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Mol Biochem Parasitol. 1989 May 15;34(3):221-8.

Identification of a Trypanosoma cruzi antigen that is shed during the acute phase of Chagas' disease.

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Instituto de Investigaciones Bioquímicas Fundación Campomar, Buenos Aires, Argentina.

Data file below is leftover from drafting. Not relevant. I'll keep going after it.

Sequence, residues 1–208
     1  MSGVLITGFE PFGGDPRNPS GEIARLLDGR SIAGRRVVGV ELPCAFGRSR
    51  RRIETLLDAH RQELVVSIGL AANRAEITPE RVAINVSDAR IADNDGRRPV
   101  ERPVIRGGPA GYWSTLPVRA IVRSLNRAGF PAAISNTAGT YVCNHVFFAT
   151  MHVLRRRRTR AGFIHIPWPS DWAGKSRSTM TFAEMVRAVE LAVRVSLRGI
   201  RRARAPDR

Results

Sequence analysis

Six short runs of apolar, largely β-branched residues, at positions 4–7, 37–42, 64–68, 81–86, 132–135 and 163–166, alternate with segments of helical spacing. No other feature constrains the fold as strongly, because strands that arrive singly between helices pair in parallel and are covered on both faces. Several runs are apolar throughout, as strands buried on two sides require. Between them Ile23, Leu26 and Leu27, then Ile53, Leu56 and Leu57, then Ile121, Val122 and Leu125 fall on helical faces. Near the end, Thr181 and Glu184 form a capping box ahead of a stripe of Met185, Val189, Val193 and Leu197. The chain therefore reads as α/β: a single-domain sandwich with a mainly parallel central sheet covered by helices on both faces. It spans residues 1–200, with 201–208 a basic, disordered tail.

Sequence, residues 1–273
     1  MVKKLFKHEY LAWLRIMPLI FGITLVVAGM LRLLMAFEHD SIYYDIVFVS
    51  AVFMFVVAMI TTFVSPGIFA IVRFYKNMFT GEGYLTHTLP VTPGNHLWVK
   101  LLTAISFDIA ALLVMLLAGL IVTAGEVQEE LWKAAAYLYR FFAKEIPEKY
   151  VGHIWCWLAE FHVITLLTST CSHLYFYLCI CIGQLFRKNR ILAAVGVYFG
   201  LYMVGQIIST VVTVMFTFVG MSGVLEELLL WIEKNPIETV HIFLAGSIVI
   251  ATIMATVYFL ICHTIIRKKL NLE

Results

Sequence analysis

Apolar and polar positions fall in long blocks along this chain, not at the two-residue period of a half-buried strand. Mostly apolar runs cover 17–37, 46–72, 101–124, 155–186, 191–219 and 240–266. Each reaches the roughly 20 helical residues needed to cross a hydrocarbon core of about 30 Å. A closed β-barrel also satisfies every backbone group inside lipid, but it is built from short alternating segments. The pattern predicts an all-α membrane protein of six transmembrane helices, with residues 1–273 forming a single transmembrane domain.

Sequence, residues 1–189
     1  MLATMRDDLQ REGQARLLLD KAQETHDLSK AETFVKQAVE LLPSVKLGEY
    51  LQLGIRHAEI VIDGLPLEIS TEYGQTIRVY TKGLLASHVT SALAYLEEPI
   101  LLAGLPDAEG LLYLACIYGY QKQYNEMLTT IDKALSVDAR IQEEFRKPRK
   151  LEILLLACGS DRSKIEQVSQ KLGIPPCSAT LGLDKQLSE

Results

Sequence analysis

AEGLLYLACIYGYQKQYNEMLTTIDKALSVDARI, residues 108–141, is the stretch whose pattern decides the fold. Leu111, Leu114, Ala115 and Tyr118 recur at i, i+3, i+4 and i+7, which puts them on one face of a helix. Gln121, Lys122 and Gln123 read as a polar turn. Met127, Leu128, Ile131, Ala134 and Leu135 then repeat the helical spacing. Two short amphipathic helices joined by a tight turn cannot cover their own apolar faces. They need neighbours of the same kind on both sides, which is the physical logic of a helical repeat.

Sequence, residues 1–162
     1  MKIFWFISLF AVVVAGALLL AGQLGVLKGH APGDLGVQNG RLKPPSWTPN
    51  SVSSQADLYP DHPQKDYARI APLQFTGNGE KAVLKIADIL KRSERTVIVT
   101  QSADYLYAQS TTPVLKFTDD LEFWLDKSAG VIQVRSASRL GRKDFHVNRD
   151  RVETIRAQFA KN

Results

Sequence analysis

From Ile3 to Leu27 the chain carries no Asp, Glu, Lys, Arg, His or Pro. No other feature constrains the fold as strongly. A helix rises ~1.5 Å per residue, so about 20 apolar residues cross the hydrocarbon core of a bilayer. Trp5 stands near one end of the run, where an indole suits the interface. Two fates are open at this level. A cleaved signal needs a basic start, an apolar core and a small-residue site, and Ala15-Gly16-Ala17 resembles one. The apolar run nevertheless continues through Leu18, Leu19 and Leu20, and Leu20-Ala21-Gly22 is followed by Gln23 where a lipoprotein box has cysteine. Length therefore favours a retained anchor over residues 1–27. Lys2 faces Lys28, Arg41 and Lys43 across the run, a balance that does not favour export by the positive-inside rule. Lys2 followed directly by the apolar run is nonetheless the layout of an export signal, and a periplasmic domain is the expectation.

A Trypanosoma cruzi antigen which is shed into the culture medium by the trypomastigote stage of the parasite and detected in blood of acutely infected mice was cloned and characterized. We designate this antigen shed acute phase antigen (SAPA). Five protein bands with apparent molecular masses ranging from 160 to 200 kDa were detected by immunoblotting of plasma from infected mice and in supernatants of cultured trypomastigotes upon reaction with antibodies against SAPA. A serum obtained from a patient acutely infected with Chagas' disease revealed a similar set of polypeptides in supernatants of cultured trypomastigotes when tested by immunoblotting. SAPA seems thus to be a major shed protein during the acute period of the disease. Twenty-six of 28 sera from human acute cases of Chagas' disease tested reacted with SAPA. Conversely, only 8-10% of sera from chronic cases of the disease contained detectable levels of antibody against SAPA. Sera from rabbits infected with six different parasite strains all contained antibodies against SAPA. Antibodies against SAPA are detectable 15 days after the manifestation of acute Chagas' disease symptoms in humans and 15 days post-infection in sera from mice and rabbits. The nucleotide sequence of a genomic clone encoding the 3' end of the SAPA gene revealed the presence of 14 tandemly arranged 12-amino acid-long repeats. A 39-amino acid-long region that is very hydrophobic precedes the stop codon. Due to its early appearance it might be possible to design diagnostic assays which are based on SAPA for identification of recently infected cases of Chagas' disease.

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